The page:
|Questions? 800.667.7745; Voice Mail: 925-391-0363|
Healthcare Training Institute - Quality Education since 1979CE for Psychologist, Social Worker, Counselor, & MFT!!
How to Help Silent Clients 'Speak out' with a Trauma Questionnaire
Read content below or listen to audio.
Left click audio track to Listen; Right click to "Save..." mp3
In this section, I will present a few ways to identify the way trauma affects a client: the extent of the trauma, anger, and guilt. We
will also present two techniques: The Trauma Questionnaire and Benefits
♦ The Extent of the Trauma
In treating PTSD, I believe it is necessary to identify what type of trauma
a client or group of clients have experienced. I feel that
the extent of the trauma is more relevant to the effect of PTSD on the client
than the client’s past or present psychological state. As you
know, there are some traumatic events that would affect anyone exposed,
such as the recent rise in PTSD after 9/11.
Michael, a teenage
client of mine, was referred to me by his high school guidance counselor
who said that he had been fighting with the teachers and
classmates at school, and that his grades had been plummeting. Michael
had been shipped from foster home to foster home his whole life, and had
finally settled in a permanent residence.
His guidance counselor believed
that something at his new home had happened to cause the
change in his grades, but Michael refused to talk with her. Once he
was referred to me, I witnessed the same behavior that Michael had shown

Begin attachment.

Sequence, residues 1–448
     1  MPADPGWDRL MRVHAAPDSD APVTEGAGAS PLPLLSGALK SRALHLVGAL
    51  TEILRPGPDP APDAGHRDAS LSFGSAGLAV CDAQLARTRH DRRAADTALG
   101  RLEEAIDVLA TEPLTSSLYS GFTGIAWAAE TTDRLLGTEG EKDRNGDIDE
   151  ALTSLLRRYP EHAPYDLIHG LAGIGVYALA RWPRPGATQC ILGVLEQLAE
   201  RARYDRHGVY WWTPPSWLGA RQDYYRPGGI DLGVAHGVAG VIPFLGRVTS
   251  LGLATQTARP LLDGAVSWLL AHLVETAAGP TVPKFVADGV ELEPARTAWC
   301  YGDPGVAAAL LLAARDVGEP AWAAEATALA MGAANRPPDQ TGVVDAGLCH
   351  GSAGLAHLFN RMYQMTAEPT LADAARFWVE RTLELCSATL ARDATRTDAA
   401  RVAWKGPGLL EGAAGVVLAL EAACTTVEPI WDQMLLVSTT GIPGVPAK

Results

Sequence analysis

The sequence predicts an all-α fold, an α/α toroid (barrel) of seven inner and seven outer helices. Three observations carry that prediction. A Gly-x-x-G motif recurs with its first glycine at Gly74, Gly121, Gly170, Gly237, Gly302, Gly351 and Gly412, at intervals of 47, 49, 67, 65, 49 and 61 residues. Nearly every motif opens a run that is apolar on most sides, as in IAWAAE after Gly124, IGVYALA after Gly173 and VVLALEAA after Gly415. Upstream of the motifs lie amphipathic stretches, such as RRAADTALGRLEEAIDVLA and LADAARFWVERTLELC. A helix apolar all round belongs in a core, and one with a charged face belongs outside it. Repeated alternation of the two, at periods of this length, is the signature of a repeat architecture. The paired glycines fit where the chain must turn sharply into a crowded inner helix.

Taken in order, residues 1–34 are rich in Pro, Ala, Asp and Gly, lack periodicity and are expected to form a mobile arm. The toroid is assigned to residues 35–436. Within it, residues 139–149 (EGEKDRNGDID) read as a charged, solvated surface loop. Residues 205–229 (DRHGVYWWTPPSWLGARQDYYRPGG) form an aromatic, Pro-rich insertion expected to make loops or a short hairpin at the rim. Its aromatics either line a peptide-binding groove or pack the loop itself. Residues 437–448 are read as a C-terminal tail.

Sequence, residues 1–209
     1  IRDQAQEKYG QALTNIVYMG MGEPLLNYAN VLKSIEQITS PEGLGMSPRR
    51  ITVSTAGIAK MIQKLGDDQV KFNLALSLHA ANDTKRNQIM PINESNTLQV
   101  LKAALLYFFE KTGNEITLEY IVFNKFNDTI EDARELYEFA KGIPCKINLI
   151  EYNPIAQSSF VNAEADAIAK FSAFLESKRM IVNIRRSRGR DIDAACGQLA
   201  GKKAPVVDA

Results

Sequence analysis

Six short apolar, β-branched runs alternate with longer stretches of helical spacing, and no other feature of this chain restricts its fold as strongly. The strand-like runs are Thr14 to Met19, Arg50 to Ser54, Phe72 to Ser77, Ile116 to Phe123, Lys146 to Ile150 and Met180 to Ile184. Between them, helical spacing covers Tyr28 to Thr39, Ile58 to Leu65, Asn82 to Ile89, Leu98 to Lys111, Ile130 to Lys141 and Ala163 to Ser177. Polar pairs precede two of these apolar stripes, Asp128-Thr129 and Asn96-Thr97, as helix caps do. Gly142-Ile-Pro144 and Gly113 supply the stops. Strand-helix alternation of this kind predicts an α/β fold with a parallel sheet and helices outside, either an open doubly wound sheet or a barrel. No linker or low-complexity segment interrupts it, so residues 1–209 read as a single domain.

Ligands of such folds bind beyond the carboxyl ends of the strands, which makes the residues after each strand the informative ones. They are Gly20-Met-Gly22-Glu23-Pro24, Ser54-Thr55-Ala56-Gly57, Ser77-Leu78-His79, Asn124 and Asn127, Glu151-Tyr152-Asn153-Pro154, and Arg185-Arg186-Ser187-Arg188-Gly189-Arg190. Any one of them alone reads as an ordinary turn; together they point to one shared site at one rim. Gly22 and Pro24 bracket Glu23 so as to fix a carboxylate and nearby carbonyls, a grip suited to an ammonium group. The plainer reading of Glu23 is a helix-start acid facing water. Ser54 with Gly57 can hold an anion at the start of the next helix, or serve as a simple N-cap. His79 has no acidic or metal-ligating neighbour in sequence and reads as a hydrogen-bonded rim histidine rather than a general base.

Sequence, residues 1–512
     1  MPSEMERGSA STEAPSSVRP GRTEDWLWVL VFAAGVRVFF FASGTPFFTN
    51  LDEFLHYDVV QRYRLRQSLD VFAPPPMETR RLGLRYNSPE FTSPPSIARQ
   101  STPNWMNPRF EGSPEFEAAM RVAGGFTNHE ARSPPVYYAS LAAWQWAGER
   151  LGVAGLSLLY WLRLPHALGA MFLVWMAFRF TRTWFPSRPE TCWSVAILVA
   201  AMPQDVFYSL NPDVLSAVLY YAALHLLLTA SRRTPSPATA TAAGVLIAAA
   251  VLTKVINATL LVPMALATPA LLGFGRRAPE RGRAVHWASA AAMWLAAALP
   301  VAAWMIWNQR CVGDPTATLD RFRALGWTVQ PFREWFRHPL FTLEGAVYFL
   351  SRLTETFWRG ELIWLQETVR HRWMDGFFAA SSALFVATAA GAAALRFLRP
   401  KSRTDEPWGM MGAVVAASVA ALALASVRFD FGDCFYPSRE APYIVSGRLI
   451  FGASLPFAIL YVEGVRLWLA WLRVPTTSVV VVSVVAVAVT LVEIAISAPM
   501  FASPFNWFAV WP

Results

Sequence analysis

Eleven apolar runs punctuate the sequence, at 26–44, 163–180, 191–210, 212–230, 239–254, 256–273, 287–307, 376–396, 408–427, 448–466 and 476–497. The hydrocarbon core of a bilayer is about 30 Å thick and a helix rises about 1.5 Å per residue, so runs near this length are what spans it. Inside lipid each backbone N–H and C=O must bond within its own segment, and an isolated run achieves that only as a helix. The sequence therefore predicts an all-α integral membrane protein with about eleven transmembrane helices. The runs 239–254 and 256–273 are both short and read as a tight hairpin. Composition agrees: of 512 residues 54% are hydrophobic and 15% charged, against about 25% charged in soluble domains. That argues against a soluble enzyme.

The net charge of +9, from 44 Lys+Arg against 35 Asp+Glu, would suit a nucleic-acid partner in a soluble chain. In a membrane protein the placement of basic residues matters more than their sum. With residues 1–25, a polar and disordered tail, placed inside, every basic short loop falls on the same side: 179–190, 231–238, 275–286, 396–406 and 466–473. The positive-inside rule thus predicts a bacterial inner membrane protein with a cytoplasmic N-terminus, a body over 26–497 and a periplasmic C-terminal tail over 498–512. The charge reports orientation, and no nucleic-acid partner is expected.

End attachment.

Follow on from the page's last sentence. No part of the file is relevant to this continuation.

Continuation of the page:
to the school counselor --- silence. The only thing he would say angrily
is, "I don’t want to talk about it." I believed that
Michael could be exhibiting symptoms of PTSD and perhaps was trying
to repress the memories that kept trying to push their way out.
♦ Technique: Trauma Questionnaire
To help Michael begin to talk about the event without having to take the first
leap of "talking about it," I asked him to fill out a seven question "Trauma
Questionnaire". I requested Michael to answer the questionnaire
in a journal and to quietly read it back to himself. When he said again, "I
don’t want to talk about it," I responded, "But you’re
not talking about it. You’re writing and reading about it." He
seemed to be receptive.
The questions I gave to Michael included the following. Although
many questions may not apply to Michael, I felt the general nature of the
questionnaire would be beneficial.
- Have you ever been in a natural catastrophe, such as an earthquake, fire,
- Were you ever sexually or physically assaulted, either by a stranger, a
group of teenagers, a family member, or anyone else?
- As a child, were you physically maltreated with excessive beatings or
a parent’s or caretakers disciplinary measures sadistic?
- Have you ever witnessed the death, torture, rape, or beating of another
person? Have you ever seen someone die or be badly injured in a car,
airplane, or other accident? Have you ever been injured in such
- Has anyone in your family or a close friend been murdered?
- As a child, did you ever witness the beating, rape, murder, torture, or
suicide of a parent, caretaker, or friend?
- Have you ever been in a situation in which you felt that you or a member
of your family would be harmed or killed? Even if your life or the
lives of your family members were not directly threatened, did you distinctly
fear that you or they were in serious danger?
The next session, Michael had written in his journal about an incident that
had taken place about a month ago. He said that while he was walking
home, he saw someone robbing a gas station. Michael watched the perpetrators
run out of the station and hijack a car and also witnessed them beat the owner
of the car even though she had already let them take the vehicle.
told me that he had feared for his life and had hidden behind a trash bin so
that the perpetrators could not see him. Now that he had related this